Because content is free on p2p networks, for the firm to persuade users of digital content to pay positive prices, it must offer added benefits that file sharing networks cannot match. Online distributors such as Apple’s iTunes store offer content on a traditional client–server architecture and operate in agreement with intellectual property right holders.
I have a feeling that one click hosters never really entered the authors minds because cyber lockers also offers a somewhat traditional server-to-client system. Given that this study was published in 2010, we should note that that MegaUpload (as merely an example of a cyber locker) has been around since 2005. Usenet may also be another exception as content is distributed on servers as well. So, cyberlockers and Usenet may have been exceptions overlooked by the authors.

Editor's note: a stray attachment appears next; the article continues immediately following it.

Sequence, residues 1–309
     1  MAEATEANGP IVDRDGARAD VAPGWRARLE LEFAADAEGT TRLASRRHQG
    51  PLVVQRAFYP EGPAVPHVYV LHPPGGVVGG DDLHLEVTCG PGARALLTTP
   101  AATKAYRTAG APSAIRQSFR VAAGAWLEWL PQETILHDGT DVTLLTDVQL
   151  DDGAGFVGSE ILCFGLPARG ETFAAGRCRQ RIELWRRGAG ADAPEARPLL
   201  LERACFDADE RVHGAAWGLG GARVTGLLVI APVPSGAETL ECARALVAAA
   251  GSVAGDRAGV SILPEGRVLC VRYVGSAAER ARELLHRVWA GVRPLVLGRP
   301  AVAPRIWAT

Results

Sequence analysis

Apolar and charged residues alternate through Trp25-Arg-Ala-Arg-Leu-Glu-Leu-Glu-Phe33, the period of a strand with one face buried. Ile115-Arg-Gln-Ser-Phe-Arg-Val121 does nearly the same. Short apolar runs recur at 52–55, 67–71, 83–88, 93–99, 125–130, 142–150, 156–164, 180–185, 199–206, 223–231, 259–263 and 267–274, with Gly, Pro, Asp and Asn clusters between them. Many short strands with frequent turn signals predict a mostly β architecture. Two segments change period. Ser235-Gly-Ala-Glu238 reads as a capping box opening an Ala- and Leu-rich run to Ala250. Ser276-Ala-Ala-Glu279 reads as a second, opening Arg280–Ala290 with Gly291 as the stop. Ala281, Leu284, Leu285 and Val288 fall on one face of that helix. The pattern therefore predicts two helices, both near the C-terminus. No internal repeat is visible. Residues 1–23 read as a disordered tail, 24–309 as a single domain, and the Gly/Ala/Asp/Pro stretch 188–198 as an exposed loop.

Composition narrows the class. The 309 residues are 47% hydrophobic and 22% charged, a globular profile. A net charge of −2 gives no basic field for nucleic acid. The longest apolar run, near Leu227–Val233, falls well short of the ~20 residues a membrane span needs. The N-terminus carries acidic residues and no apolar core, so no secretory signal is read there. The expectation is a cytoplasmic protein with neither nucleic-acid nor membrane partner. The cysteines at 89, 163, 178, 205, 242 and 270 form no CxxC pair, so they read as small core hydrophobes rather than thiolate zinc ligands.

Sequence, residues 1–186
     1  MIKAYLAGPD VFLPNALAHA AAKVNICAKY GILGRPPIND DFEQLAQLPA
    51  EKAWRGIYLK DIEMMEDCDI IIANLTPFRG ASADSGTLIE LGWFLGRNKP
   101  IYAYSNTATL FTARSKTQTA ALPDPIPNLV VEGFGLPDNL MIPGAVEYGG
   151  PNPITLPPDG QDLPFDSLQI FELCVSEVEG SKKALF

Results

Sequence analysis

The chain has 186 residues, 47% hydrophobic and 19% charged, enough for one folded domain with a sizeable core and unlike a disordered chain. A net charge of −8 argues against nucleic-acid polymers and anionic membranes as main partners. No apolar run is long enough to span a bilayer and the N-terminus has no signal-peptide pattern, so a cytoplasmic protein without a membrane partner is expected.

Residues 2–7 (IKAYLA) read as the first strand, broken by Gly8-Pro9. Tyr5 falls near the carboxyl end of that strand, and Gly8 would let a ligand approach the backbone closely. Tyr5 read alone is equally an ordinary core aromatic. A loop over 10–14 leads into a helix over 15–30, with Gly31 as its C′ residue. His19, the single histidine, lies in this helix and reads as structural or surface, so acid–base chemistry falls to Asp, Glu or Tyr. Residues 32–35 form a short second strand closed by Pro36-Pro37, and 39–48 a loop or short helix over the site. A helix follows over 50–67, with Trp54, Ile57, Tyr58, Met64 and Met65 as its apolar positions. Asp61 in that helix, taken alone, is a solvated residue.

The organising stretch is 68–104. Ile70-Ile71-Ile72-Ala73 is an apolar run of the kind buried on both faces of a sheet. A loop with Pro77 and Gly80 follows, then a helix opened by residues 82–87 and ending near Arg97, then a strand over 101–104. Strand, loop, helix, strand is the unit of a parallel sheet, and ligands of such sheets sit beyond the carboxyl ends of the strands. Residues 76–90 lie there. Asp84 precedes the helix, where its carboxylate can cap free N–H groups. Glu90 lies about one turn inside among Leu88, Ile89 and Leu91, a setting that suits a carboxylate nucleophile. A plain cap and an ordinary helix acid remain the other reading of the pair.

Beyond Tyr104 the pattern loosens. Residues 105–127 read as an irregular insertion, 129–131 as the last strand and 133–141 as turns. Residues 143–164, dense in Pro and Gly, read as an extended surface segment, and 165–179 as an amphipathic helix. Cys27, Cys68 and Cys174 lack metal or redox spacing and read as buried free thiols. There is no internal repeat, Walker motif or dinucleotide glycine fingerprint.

The study goes on to discuss the relationship between p2p and authorized sources which has pretty much been covered by the graphic we offered earlier in the article.
The conclusion of this study includes this:
We have presented a simple formal model to analyze some aspects of the interaction between p2p and online stores, two alternative models for the distribution of digital information goods. Although the two models have emerged only recently, it is more likely than not that they will endure. iTunes is legal and has grown spectacularly since its inception. Because p2p file sharing activity is mostly illegal, one is tempted to believe that legal attacks against p2p with the goal to shut them down will continue and eventually succeed.However, due to their decentralized nature, p2p networks have proven difficult to block.
I note that this study does not say that shutting down networks will succeed. It does say that it’s easy to think that, but the study doesn’t actually say that. The conclusion also says: